Hamas agrees to end protests along Israel-Gaza border

Deal includes halting of burning tyres and throwing firebombs

FILE-- In this Friday, Oct. 26, 2018 file photo, a protester hurls stones while holding the Palestinian flag amid burning tires near the fence of the Gaza Strip border with Israel during a protest. Palestinians in the Gaza Strip have coped with shortages of just about everything in more than a decade of border closures -- from chocolate to medicines to fuel and building supplies. Now, the past six months of protests against an Israeli-Egyptian blockade have added an unexpected item to the list of those in short supply: car tires. (AP Photo/Adel Hana, File)
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Gaza protest leaders are calling for calmer border demonstrations Friday to give a chance to efforts to reach a long-term truce with Israel after months of deadly unrest, a source in the organising committee said.

An official from the Islamist movement told the Haaretz newspaper that groups in the Hamas-controlled Gaza Strip have agreed to stop protesters from burning tyres, throwing firebombs and approaching the border, amid an Egyptian effort to push for a ceasefire with Israel.

The announcement follows Israel's expansion of a fishing zone off Gaza's coast.

However, previous such hopes for a deal have been dashed since protests and clashes along the border between Israel and the blockaded Gaza Strip began on March 30.

It was not clear if demonstrators would heed calls for calm.

Egypt and UN officials have been engaged in indirect talks between Hamas, the Islamist movement that runs the Gaza Strip, and Israel.

An Egyptian delegation was in Gaza on Thursday for further discussions.

"Friday's events will be quiet," an official from the committee in charge of organising the marches told AFP Thursday, on condition of anonymity.

The committee is technically independent from Hamas, but includes representatives allied to the Islamist movement.

The official said the agreement to quieten the border Friday "will give an opportunity for the success of the Egyptian efforts to (achieve) calm and lift the siege."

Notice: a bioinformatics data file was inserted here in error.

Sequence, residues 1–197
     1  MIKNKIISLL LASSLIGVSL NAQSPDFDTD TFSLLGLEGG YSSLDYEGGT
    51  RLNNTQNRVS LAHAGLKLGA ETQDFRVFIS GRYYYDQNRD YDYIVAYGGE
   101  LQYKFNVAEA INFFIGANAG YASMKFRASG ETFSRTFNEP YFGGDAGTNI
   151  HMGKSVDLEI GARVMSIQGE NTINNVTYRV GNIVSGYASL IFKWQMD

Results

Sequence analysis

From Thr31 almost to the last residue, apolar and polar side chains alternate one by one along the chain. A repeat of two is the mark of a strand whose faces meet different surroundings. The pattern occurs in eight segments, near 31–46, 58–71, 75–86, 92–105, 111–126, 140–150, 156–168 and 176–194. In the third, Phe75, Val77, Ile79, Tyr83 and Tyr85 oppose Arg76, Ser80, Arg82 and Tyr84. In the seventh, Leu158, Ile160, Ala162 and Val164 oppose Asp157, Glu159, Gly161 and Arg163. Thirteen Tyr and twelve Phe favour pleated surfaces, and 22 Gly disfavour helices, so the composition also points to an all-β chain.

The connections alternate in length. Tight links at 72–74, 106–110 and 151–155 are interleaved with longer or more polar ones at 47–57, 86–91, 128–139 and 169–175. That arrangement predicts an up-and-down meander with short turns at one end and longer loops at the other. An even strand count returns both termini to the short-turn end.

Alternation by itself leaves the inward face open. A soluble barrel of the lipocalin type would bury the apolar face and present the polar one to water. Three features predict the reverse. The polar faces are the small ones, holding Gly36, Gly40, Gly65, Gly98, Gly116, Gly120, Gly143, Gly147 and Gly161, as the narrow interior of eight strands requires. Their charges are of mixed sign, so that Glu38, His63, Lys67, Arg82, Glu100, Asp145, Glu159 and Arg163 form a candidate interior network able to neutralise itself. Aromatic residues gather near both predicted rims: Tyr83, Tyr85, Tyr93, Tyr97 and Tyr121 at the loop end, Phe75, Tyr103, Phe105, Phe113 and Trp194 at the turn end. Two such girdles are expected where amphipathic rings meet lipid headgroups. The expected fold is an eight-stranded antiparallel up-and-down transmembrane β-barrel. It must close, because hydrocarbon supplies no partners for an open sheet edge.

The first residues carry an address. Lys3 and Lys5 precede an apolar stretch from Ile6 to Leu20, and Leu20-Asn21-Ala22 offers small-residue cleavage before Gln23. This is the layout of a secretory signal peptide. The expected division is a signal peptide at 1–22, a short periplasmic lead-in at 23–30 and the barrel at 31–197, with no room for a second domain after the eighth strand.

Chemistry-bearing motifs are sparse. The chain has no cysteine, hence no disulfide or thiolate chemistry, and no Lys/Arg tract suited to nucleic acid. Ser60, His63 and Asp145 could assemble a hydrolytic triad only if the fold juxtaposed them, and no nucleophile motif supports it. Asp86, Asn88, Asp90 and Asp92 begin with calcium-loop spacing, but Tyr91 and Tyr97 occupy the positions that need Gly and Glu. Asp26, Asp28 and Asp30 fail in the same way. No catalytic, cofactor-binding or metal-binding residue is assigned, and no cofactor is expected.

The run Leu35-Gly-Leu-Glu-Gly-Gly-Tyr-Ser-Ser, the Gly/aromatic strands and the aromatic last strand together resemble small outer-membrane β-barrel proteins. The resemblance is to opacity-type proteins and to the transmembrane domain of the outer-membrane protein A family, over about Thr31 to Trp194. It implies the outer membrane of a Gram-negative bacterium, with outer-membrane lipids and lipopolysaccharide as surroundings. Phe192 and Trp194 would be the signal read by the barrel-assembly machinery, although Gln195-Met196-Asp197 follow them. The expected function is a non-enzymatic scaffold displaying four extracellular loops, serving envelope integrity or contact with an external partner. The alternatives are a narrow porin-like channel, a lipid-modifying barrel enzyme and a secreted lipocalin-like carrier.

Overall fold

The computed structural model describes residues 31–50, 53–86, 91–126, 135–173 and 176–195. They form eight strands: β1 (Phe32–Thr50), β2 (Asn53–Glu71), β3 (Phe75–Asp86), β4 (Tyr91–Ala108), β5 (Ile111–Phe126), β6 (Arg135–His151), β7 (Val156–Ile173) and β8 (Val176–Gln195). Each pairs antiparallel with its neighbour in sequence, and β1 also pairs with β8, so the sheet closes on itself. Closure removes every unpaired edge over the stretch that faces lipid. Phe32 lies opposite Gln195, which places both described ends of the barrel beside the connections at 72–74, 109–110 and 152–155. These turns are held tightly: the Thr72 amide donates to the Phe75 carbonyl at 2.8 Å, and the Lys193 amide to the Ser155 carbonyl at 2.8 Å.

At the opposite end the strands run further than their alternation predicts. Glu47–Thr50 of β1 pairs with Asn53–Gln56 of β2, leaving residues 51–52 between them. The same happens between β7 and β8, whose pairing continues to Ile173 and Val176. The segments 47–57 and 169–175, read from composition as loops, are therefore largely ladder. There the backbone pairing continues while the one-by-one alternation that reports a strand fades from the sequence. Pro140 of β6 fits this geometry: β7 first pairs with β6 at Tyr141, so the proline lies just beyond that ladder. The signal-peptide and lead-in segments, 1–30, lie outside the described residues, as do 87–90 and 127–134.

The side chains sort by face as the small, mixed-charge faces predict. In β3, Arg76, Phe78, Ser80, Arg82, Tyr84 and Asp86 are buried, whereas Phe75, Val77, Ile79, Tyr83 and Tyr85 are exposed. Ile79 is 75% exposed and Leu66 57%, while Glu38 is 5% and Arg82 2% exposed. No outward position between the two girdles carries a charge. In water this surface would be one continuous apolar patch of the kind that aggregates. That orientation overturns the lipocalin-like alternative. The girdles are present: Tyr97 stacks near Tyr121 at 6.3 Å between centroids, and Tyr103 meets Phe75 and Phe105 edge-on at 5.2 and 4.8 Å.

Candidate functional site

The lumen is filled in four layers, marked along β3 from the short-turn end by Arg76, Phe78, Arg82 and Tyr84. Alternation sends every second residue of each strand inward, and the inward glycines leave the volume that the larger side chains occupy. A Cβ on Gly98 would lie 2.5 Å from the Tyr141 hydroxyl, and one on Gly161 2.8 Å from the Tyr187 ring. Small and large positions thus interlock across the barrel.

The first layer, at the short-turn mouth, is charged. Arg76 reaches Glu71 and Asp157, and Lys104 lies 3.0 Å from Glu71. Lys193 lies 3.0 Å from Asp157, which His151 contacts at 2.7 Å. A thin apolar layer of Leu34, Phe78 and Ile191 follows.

Protests would still go ahead, he said, but demonstrators would be encouraged not to approach the fence too closely, burn tyres or send balloons equipped with incendiary devices across the border.

Recent weeks have seen efforts by the UN and Egypt result in Qatari-funded fuel deliveries for Gaza, easing a severe electricity shortage.

There have also reportedly been talks with a view to Israel allowing Qatari cash into the Gaza Strip to pay public salaries.

But last week, hopes for a deal were dashed by further border violence.

Seven Palestinians died in renewed clashes along the border last Friday.

Hours later, Islamic Jihad -- a Hamas-allied militant group -- fired dozens of rockets at Israel, which responded with extensive air strikes.

In a statement after a meeting of their leaders in Gaza on Thursday, Hamas and Islamic Jihad said the marches would continue.

Both groups praised Egyptian and UN efforts to broker a deal.

Since often violent protests began on March 30, at least 218 Palestinians have been killed by Israeli fire.


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Israeli snipers have also maimed hundreds by aiming at their lower limbs in a bid to incapacitate them, according to rights groups. Israel says it is trying to prevent incursions into its territory.

One Israeli soldier has been killed by a Palestinian sniper.

Demonstrators are calling for Palestinian refugees to be allowed to return to the homes their families fled or were expelled from in the 1948 war surrounding the creation of Israel and which are now inside the Jewish state.

Israel and Palestinian militants in Gaza have fought three wars since 2008 and the recent unrest has raised fears of a fourth.